At the end of this page there is a list of assessment tools for different types and aspects of assessment. However, it is important to remember that these tools should not be considered as fixed formats. Any tool can and should be adapted to local context and needs, either by amending a single tool, or by taking bits and pieces from several and merge them together. Either process will facilitate deeper thinking about what is needed to achieve a meaningful assessment, according to who needs to be involved and the circumstances in which it will be done. Again it is very beneficial to involve key stakeholders in processes to explore and experiment in order to find the best options.

Other points to take into consideration

All organisations, networks, sectors and the individuals in them have a history of capacity development prior to the assessment. This should be recognised as a process of evolution that has a past, a present and will have a future. Within this process of evolution many factors will explain the current capacity and how it was developed. Capacity assessment frameworks need to look not only at the present, but also at the journey to get there. Understanding the developmental history will result in a better design of future initiatives.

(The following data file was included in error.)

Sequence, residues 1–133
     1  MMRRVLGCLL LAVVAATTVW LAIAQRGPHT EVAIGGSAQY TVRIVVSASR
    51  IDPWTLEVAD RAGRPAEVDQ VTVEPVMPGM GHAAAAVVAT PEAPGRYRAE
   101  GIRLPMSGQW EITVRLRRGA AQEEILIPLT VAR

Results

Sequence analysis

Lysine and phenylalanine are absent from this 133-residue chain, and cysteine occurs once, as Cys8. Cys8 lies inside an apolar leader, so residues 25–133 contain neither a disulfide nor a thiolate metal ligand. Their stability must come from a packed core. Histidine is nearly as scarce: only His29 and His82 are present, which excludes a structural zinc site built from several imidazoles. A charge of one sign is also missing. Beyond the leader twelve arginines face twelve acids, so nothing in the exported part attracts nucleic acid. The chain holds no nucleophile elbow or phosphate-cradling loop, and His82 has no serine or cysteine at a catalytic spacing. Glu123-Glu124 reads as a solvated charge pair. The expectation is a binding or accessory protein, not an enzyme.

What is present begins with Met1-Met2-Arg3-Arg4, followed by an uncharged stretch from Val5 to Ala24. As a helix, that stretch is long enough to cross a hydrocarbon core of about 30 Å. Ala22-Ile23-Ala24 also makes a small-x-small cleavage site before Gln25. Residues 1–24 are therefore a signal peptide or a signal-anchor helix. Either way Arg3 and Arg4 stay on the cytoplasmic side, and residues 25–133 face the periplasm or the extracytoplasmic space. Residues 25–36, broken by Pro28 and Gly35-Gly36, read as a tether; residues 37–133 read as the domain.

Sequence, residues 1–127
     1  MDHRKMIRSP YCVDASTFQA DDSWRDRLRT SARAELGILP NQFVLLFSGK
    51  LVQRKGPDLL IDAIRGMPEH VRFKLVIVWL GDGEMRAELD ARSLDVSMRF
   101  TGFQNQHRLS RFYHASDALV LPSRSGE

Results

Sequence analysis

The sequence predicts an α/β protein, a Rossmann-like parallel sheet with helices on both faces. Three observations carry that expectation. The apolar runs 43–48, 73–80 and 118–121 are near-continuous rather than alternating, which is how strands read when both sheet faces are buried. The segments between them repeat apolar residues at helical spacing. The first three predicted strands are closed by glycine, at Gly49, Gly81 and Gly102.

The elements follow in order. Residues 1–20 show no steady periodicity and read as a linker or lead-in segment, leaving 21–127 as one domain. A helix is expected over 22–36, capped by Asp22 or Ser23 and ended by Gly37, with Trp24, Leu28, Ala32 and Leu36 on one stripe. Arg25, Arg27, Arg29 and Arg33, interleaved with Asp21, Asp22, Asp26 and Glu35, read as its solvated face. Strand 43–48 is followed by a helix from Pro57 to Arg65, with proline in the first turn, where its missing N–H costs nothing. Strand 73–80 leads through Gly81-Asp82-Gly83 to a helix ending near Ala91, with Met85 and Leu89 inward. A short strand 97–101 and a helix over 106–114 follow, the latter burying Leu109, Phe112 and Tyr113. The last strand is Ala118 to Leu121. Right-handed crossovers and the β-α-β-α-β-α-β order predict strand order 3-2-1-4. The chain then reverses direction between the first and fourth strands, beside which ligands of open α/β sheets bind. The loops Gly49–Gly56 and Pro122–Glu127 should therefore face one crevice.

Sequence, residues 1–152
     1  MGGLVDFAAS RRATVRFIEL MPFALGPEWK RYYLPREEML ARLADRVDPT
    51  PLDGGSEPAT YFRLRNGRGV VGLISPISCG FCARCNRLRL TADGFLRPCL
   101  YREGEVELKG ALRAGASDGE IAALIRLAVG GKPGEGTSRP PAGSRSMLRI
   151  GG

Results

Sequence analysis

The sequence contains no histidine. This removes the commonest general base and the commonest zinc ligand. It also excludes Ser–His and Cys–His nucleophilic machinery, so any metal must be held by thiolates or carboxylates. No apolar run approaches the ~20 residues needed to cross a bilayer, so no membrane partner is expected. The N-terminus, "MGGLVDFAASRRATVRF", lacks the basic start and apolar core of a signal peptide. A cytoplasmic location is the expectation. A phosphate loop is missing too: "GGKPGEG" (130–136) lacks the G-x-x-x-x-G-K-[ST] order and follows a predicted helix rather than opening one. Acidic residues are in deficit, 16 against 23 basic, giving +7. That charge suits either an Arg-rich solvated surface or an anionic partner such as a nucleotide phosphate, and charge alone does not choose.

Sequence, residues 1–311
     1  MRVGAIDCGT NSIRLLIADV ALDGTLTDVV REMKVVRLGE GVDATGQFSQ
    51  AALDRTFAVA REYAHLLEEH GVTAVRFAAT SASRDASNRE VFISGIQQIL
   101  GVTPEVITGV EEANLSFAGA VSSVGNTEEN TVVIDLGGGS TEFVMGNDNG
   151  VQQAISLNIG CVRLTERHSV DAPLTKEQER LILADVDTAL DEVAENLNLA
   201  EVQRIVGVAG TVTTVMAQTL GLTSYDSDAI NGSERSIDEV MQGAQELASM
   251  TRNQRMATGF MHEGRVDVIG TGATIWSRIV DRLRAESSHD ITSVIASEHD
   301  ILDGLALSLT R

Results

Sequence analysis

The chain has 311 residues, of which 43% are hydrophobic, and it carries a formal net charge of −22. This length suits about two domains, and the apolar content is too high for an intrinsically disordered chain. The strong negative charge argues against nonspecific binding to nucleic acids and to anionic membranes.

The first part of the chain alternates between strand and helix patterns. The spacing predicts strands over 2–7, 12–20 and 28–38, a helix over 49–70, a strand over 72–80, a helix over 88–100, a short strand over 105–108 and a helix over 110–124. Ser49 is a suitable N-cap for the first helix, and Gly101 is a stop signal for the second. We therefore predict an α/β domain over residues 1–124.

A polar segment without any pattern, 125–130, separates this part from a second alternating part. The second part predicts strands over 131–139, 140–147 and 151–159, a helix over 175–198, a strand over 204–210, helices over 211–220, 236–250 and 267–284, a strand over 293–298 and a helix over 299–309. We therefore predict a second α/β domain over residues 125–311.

In some countries and within some core development themes people may already have been involved in many different assessments. Depending on how the assessments were conducted and what happened as a result the people concerned might be very cynical about the purpose and value of doing another one, and this might make them resistant to engage, or engage fully.  This situation could be described as assessment fatigue.

Time factors need to be considered in two important ways. Firstly, that there is enough time for the collection of data & information. Apart from anyone allocated or hired specifically to work on the assessment, everyone else involved will still need to work on their routine tasks and responsibilities.  It is important to be sensitive to this fact and not plan the activities in a way that place an unhelpful burden on any individual or group. Participants and key informants might not all be available at the same time, so activities should be scheduled to allow for flexibility.  Secondly, it is important not to rush to designing a capacity development response until the assessment process is complete. Interventions will only be effective if based on comprehensive rather than piecemeal analysis.

Another point is that it is important to avoid sweeping generalizations that cannot be translated into practical actions. Conclusions should be sufficiently focused to give good guidance to the design of interventions.